Game Development Reference
In-Depth Information
Interface is transparent at the physical level if it does not physically disturb the
user much or at all, mainly in his movements. To achieve this objective, the hardware
interface designers use, if possible, the physical phenomena that make it possible to
transfer Sensory Stimuli (SS) or Motor Responses (MR) without hardware support
between man and the machine. This objective often directs the interface design to the
suitable physical phenomena. For example, we can note that most of the location
sensors use the physical principles without hardware support (light, electromagnetic
fields, sound waves, etc.). Without hardware support, the interface can be farthest
from the user to give him more freedom of movement: for example, for the SS of
vision, the screen can be placed at a few centimetres (head-mounted display), at a few
meters (computer screen) or at a few decametres (screen in a room). Hence, there can
be two categories of hardware interfaces:
Interfaces that do not require hardware support (without hs) for transmission and
Interfaces that require hardware support (with hs) for transmission.
These two categories depend on the sensory organ concerned, for example:
Visual interface (SS): Light waves captured by eyes (without hs);
Audio interface (SS): Sound and words (vocal synthesis) transferred to ears by
sound waves (without hs);
Touch sensitive interface (SS): Mechanical transmission to the skin (with hs);
Proprioceptive interface (force feedback and movement simulation) (SS): Mechan-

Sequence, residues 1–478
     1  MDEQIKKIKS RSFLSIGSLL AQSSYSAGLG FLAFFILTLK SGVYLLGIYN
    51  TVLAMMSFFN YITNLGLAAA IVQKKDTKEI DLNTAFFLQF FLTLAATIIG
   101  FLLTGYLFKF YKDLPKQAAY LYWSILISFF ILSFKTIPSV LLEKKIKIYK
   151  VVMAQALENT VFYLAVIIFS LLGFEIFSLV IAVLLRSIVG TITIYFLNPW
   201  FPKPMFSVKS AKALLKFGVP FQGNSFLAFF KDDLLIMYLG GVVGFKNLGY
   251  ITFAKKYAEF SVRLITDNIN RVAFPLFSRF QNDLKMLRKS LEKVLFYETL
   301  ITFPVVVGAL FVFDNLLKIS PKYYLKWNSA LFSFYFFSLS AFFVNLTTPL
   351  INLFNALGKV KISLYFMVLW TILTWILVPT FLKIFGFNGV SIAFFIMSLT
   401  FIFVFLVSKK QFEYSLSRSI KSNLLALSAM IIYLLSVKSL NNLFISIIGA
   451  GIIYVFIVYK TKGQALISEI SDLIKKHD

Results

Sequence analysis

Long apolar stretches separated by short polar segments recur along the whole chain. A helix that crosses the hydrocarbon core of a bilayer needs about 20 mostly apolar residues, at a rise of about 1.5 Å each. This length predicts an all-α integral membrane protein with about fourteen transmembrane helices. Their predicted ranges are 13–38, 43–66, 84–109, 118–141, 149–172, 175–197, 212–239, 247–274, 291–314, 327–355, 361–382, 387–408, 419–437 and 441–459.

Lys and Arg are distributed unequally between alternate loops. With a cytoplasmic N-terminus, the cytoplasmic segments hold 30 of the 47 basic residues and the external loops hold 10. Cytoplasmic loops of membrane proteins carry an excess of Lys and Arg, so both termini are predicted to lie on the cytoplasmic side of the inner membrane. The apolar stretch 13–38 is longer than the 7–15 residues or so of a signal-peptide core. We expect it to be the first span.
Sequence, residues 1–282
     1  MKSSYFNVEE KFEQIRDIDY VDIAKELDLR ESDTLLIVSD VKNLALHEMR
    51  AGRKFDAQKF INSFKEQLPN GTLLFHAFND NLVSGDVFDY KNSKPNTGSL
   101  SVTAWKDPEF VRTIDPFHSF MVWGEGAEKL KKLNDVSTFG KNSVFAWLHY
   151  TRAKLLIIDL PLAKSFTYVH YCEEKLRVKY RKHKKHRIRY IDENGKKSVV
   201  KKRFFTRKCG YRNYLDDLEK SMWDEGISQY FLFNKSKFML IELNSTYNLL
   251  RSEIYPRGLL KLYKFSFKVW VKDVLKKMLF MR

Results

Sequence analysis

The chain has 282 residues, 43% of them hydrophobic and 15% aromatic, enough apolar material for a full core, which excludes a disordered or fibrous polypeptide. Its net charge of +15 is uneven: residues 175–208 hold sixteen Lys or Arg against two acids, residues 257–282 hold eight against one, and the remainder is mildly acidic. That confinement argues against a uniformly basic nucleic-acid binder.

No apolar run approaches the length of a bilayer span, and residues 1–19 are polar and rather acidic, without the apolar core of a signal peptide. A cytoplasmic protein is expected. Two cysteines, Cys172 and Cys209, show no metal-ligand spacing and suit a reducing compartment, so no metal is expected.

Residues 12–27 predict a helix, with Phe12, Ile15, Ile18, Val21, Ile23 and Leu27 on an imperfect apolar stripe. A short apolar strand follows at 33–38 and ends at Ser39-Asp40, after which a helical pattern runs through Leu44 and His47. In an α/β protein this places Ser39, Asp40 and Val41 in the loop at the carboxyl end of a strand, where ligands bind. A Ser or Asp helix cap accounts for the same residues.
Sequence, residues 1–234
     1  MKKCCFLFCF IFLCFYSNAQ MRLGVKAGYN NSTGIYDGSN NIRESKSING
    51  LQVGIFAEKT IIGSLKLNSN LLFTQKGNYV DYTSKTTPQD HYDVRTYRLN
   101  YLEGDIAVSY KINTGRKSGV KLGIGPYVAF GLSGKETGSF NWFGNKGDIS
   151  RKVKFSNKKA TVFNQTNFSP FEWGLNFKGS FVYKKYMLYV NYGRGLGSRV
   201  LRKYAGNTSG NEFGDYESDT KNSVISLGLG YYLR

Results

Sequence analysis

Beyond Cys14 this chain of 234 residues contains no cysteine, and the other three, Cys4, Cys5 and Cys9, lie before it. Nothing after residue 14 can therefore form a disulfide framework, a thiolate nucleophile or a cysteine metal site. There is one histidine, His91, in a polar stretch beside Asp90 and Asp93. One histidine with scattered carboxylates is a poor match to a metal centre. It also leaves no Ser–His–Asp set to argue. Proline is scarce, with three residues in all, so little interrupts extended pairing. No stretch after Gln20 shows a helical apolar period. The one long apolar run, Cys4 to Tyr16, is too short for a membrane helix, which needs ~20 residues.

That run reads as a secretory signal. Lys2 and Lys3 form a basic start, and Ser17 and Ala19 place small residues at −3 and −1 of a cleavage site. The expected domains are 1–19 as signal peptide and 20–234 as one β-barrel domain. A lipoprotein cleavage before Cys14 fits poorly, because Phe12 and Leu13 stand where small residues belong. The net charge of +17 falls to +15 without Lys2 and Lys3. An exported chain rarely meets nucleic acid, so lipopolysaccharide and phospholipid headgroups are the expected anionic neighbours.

ical transmission to the body (with hs) and
Location interface (MR): Body movements detected by electromagnetic, sound
waves (without hs) or mechanically (with hs).
We will deduce the critical technical difficulties to create touch-sensitive interfaces,
force feedback interfaces and body movement simulation interfaces which have to use
hardware supports to transfer the SS. But the notion of transparency must also be
analysed at the psychological level. It depends not only on the physical design of the
behavioural interface but also on its effective use in virtual environment, a point which
we will study in this chapter.
2.2.3 Commercial interfaces and custom interfaces
After the boom in virtual reality, various interfaces were designed and marketed by
companies specialised in the domain (head-mounted display, data glove, etc.). But it is
sometimes necessary to create your own interface as per your objective of immersion
and interaction (for example: an instrumented trolley to go about in a shop, interior
of a car, given further below). Thus, every VR device designer must not ignore the
idea of designing and creating interfaces for his own needs by himself, which often
guarantees success if the specific needs are analysed correctly in terms of immersion
and interaction. It is obvious that the design and production cost suffers, but why not,
if success is guaranteed at the end! On the other hand, some interfaces are not designed
specifically for virtual reality; they are universal (screen, video-projector, microphone,
loudspeaker, etc.).
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